October 5, 2016
Ebola was once a disease that primarily plagued the African subcontinent. This all changed in 2014 when Ebola spread rapidly through the region. It quickly became a global threat that triggered an unparalleled international response. Despite the fact that good hand hygiene practices, including handwashing with soap, can effectively remove the virus from skin and surfaces, stigma around the infection and poor understanding about its prevention were among the principle reasons for such an unprecedented transmission rate. As a result, there were nearly 29,000 reported cases and over 11,000 fatalities between December 2013 and April 2016. This crisis represents the deadliest Ebola outbreak in history.
Sustaining long-term water, sanitation, and hygiene (WASH) practices are essential for strong public health systems which are influential in preventing the resurgence of diseases such as Ebola and preventing future outbreaks. For this reason, the Global Public-Private Partnership for Handwashing hosted a webinar in collaboration with Global Communities, UNICEF, and the U.S. Centers for Disease Control and Prevention (CDC) exploring how innovative WASH and social behavior change (SBC) solutions were critical in halting the West Africa Ebola crisis and how their programs are supporting the recovery process and promoting ongoing community health and wellbeing.
Global Communities Program Development Manager, Alice Urban, and WASH Specialist, Franky Li assessed the impact of community-led total sanitation (CLTS) interventions on helping contain and prevent the spread of Ebola in Liberia. They also described how CLTS engagement in other health-related activities has raised government awareness about the need for more targeted support to the community-level health system and demonstrates a low-cost, sustainable option. CLTS can be more than just a tool for sanitation promotion. Community momentum should be leveraged to promote other community health and development objectives.
Learn more about the CLTS methodology used in Liberia here and a report on the community-led response here.
Gaelle Fohr, a sanitation and hygiene consultant who worked as a specialist between 2014 and 2016 for UNICEF’s West and Central Africa program (WCARO), delivered a presentation on the impact of hygiene kits that were distributed in schools when they reopened in early 2015. Together with handwashing promotion, these kits helped form new norms and improved knowledge of handwashing with soap. Ultimately, hygiene kits became part of the safe school protocol. UNICEF continues to incorporate lessons learned from the Ebola response into their approach towards other infectious disease outbreaks. Programs, such as this, can lead to a stronger evidence base when projects have efficient knowledge management guidelines that work in conjunction with the monitoring and reporting processes.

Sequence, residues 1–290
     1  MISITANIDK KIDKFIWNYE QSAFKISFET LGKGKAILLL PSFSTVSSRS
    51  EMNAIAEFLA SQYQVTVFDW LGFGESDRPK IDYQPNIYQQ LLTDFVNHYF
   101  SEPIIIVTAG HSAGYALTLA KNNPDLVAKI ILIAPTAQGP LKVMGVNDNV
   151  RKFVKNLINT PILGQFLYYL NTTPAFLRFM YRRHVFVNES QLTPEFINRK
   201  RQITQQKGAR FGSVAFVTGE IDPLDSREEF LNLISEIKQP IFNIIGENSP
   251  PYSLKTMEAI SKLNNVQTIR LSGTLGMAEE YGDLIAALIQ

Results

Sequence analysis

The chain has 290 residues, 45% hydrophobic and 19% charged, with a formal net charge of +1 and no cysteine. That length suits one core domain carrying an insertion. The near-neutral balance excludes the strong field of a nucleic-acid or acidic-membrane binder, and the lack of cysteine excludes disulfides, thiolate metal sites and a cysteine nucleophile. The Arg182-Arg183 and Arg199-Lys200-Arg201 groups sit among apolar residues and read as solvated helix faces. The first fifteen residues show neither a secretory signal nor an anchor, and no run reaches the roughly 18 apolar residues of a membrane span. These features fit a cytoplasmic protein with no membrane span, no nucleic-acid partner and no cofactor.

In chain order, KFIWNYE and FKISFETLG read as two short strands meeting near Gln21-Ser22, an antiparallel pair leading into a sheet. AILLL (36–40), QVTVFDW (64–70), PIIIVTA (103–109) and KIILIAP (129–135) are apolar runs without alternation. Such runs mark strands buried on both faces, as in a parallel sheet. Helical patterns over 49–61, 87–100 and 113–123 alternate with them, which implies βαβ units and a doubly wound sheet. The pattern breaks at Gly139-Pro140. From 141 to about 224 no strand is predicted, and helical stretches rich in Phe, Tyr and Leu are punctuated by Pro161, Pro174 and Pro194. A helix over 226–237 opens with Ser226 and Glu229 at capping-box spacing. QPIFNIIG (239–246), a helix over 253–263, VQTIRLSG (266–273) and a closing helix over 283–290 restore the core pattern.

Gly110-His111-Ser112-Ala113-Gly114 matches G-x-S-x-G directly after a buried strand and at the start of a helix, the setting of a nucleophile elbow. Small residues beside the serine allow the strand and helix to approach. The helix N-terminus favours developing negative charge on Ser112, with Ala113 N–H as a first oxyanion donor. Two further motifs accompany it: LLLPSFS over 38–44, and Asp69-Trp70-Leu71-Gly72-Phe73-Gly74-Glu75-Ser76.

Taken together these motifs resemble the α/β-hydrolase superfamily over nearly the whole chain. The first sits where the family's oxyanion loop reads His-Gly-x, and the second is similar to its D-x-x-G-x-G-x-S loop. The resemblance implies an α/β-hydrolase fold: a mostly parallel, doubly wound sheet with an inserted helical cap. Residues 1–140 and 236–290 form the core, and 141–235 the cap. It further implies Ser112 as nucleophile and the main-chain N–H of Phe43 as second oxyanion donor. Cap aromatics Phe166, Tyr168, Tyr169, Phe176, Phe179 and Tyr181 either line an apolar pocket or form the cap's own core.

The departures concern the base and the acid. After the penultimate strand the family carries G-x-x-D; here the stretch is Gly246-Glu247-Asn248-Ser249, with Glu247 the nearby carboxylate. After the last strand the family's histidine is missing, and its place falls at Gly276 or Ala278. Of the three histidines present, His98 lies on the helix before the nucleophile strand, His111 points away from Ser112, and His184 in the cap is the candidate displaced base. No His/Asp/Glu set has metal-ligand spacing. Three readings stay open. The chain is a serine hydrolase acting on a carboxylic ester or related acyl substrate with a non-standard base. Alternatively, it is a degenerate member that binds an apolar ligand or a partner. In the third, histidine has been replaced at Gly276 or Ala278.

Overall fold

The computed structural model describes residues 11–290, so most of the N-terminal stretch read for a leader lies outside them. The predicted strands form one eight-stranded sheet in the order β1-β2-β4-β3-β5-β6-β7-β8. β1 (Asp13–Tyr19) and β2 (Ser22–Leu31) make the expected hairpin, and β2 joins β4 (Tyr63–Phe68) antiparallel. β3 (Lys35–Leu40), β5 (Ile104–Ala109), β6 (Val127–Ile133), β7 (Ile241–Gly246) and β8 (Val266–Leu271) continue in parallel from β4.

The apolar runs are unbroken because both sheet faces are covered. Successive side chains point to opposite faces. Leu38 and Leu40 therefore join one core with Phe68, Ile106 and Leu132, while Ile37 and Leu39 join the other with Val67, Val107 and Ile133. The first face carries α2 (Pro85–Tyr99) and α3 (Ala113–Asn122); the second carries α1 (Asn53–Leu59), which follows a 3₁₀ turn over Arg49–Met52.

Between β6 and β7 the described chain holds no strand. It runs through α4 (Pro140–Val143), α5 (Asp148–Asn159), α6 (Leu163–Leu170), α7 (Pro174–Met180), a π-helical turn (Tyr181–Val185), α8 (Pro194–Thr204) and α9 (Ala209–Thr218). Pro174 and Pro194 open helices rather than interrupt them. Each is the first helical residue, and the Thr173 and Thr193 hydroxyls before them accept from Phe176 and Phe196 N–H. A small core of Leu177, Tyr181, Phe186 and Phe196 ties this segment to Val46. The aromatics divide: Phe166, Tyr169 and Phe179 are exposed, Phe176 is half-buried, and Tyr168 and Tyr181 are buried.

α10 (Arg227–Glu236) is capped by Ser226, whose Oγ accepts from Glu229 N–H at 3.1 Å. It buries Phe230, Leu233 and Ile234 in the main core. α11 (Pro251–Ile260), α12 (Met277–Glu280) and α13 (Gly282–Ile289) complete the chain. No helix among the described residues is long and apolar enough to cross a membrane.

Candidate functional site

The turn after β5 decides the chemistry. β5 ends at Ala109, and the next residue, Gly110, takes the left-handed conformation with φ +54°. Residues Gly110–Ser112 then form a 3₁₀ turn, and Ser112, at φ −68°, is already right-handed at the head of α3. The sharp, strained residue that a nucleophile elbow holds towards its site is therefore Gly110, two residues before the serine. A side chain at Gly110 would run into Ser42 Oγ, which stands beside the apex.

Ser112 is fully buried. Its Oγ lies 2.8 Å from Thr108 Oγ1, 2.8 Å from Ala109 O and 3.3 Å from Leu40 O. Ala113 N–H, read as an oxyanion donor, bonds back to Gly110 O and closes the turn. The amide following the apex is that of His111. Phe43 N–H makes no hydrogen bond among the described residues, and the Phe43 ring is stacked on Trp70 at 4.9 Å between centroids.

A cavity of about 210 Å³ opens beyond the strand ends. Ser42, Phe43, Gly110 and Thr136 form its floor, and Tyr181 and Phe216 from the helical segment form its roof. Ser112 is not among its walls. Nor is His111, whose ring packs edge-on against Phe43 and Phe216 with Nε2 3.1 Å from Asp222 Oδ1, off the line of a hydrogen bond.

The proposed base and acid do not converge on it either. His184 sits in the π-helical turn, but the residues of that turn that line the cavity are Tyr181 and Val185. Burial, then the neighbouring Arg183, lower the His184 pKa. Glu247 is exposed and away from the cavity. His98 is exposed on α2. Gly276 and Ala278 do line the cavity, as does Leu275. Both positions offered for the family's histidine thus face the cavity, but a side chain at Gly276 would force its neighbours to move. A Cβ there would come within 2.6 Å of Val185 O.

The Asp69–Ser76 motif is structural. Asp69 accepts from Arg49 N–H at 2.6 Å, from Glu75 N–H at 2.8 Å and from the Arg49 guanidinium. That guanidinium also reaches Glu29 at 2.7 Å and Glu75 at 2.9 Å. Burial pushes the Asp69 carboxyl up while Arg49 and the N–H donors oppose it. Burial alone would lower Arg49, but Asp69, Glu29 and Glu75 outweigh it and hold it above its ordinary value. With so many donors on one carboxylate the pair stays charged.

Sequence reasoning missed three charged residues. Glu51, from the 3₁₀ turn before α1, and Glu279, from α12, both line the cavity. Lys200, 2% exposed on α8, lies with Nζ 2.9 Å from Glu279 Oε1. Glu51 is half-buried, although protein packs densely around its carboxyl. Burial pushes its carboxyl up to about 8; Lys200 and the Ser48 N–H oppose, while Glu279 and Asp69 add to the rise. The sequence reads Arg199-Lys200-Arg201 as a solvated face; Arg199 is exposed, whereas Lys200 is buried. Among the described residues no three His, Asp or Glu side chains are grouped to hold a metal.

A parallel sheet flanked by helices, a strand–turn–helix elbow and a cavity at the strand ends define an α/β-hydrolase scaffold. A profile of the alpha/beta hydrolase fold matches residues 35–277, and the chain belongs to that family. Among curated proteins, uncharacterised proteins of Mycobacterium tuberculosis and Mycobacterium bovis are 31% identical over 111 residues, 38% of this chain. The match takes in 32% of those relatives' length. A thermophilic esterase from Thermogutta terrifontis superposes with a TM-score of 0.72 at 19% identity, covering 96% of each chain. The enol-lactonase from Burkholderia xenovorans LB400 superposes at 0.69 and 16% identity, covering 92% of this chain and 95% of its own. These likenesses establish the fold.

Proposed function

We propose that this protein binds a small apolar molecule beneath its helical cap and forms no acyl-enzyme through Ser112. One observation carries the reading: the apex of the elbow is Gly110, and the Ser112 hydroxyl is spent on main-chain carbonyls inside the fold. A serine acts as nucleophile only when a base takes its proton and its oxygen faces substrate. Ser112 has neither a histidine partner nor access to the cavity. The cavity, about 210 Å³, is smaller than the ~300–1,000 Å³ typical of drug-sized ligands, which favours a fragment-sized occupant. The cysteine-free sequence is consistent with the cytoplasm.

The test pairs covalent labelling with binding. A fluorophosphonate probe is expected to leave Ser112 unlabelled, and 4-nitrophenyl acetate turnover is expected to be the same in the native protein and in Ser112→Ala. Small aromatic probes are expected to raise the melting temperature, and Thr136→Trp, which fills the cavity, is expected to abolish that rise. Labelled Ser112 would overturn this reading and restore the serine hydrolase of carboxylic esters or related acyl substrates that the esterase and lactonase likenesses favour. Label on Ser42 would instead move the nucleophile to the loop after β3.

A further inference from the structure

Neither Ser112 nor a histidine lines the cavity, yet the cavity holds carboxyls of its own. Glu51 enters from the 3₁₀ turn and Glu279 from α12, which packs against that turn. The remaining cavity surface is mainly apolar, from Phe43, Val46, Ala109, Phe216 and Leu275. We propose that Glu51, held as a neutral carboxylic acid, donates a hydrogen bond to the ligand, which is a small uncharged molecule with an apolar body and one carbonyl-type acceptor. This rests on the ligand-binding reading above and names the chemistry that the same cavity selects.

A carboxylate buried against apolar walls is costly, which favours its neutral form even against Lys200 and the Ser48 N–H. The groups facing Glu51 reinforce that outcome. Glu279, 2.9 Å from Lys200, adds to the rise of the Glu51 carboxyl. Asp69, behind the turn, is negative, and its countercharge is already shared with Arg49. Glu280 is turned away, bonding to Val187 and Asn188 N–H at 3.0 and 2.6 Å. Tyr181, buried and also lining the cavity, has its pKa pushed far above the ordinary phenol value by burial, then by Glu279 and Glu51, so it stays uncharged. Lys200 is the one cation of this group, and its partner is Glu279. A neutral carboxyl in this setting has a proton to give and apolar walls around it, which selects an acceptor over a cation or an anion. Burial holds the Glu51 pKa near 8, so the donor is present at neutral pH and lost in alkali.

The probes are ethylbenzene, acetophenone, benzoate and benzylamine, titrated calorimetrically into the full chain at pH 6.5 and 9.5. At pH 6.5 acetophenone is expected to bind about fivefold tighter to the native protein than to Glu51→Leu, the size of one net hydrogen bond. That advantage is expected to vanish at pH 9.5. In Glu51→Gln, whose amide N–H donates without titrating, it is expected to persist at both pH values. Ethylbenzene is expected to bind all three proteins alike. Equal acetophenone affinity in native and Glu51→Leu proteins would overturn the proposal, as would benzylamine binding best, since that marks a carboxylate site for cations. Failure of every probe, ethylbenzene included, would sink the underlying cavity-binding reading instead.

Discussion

Read how UNICEF launched global response to the Ebola outbreak in West Africa here and WCARO’s efforts here.
CDC’s Infection Prevention & Control program (IPC) was described by Dr. Nora Chea, Medical Epidemiologist. Dr. Chea demonstrated how improved WASH interventions in healthcare settings drove the success of IPC in Sierra Leone and how key results might be replicated in response to future outbreaks. IPC interventions—which include providing clean water, improving environmental cleaning and environmental waste management practices, and proper disinfection of medical equipment—can have a greater impact when technical guidance and evidence-based knowledge are provided at the regional and global levels and information management systems are supported. Integration is a current hot topic in development, and it is applicable in this context, too. Clearly defining cross-sectoral monitoring between sectors and response clusters can reduce gaps or duplicity between IPC and WASH programs. Dr. Chea concluded his presentation by emphasizing that IPC programs within healthcare structures must integrate improved WASH practices at all levels. WASH is critical in healthcare settings—both for IPC and for promoting public health writ large.
Information about CDC’s ongoing IPC work may be found here. CDC has also produced Ebola outbreak communication resources, available here.
Learn more about key takeaways from these programs by watching the webinar recording here. All presentation slides can be downloaded here. If you’d like to learn more about how handwashing with soap can help prevent Ebola virus transmission, read our one-page summary here.
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